IDEAS home Printed from https://ideas.repec.org/a/aea/aejpol/v2y2010i3p154-79.html
   My bibliography  Save this article

Dynamic Commitment and the Soft Budget Constraint: An Empirical Test

Author

Listed:
  • Per Pettersson-Lidbom

Abstract

This paper develops an empirical framework for the problem of soft budgets which is explicitly based on a dynamic commitment problem, i.e., the inability of a supporting organization to commit itself not to extend more resources ex post to a budget-constrained organization than it was prepared to provide ex ante. Swedish local governments are used as a testing ground since the central government distributed a large number of fiscal transfers. The estimated soft-budget effect is economically significant: on average, a local government increases its debt by more than 20 percent by going from a hard to a soft budget constraint. (JEL D82, G32, L32)

Suggested Citation

  • Per Pettersson-Lidbom, 2010. "Dynamic Commitment and the Soft Budget Constraint: An Empirical Test," American Economic Journal: Economic Policy, American Economic Association, vol. 2(3), pages 154-179, August.
  • Handle: RePEc:aea:aejpol:v:2:y:2010:i:3:p:154-79
    Note: DOI: 10.1257/pol.2.3.154
    as

    Download full text from publisher

    File URL: http://www.aeaweb.org/articles.php?doi=10.1257/pol.2.3.154
    Download Restriction: no

    File URL: http://www.aeaweb.org/aej/pol/data/2009-0009_data.zip
    Download Restriction: Access to full text is restricted to AEA members and institutional subscribers.

    References listed on IDEAS

    as
    1. Cumby, Robert E. & Huizinga, John & Obstfeld, Maurice, 1983. "Two-step two-stage least squares estimation in models with rational expectations," Journal of Econometrics, Elsevier, vol. 21(3), pages 333-355, April.
    2. Timothy Besley & Anne Case, 2003. "Political Institutions and Policy Choices: Evidence from the United States," Journal of Economic Literature, American Economic Association, vol. 41(1), pages 7-73, March.
    3. Joseph G. Altonji & Todd E. Elder & Christopher R. Taber, 2005. "Selection on Observed and Unobserved Variables: Assessing the Effectiveness of Catholic Schools," Journal of Political Economy, University of Chicago Press, vol. 113(1), pages 151-184, February.
    4. Adrian Pagan, 1986. "Two Stage and Related Estimators and Their Applications," Review of Economic Studies, Oxford University Press, vol. 53(4), pages 517-538.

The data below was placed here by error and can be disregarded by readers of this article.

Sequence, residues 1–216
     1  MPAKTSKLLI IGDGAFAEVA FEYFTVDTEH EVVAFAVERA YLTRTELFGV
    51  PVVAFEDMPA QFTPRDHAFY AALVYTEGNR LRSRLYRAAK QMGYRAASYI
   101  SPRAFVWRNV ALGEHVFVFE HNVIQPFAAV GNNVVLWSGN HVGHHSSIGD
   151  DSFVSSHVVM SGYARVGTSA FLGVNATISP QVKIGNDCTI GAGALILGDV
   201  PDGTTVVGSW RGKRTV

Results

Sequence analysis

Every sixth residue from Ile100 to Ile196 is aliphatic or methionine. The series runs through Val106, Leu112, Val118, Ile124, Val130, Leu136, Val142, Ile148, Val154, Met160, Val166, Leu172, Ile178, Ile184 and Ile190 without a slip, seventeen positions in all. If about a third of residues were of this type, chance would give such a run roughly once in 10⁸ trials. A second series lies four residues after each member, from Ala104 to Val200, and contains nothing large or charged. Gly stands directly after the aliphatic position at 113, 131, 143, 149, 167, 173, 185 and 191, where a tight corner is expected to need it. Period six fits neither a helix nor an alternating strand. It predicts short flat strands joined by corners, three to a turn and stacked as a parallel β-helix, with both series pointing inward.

5. Simeon Djankov & Peter Murrell, 2002. "Enterprise Restructuring in Transition: A Quantitative Survey," Journal of Economic Literature, American Economic Association, vol. 40(3), pages 739-792, September.
    6. McCallum, Bennett T, 1976. "Rational Expectations and the Natural Rate Hypothesis: Some Consistent Estimates," Econometrica, Econometric Society, vol. 44(1), pages 43-52, January.
    7. Marianne Bertrand & Esther Duflo & Sendhil Mullainathan, 2004. "How Much Should We Trust Differences-In-Differences Estimates?," The Quarterly Journal of Economics, Oxford University Press, vol. 119(1), pages 249-275.
    8. Abadie, Alberto, 2003. "Semiparametric instrumental variable estimation of treatment response models," Journal of Econometrics, Elsevier, vol. 113(2), pages 231-263, April.
    9. Avinash Dixit & John Londregan, 1998. "Ideology, Tactics, and Efficiency in Redistributive Politics," The Quarterly Journal of Economics, Oxford University Press, vol. 113(2), pages 497-529.
    10. Lindbeck, Assar & Weibull, Jorgen W., 1993. "A model of political equilibrium in a representative democracy," Journal of Public Economics, Elsevier, vol. 51(2), pages 195-209, June.
    11. Joseph G. Altonji & Todd E. Elder & Christopher R. Taber, 2005. "An Evaluation of Instrumental Variable Strategies for Estimating the Effects of Catholic Schooling," Journal of Human Resources, University of Wisconsin Press, vol. 40(4), pages 791-821.
    12. Murphy, Kevin M & Topel, Robert H, 2002. "Estimation and Inference in Two-Step Econometric Models," Journal of Business & Economic Statistics, American Statistical Association, vol. 20(1), pages 88-97, January.
    13. Eric Maskin & Chenggang Xu, 2001. "Soft budget constraint theories: From centralization to the market," The Economics of Transition, The European Bank for Reconstruction and Development, vol. 9(1), pages 1-27, March.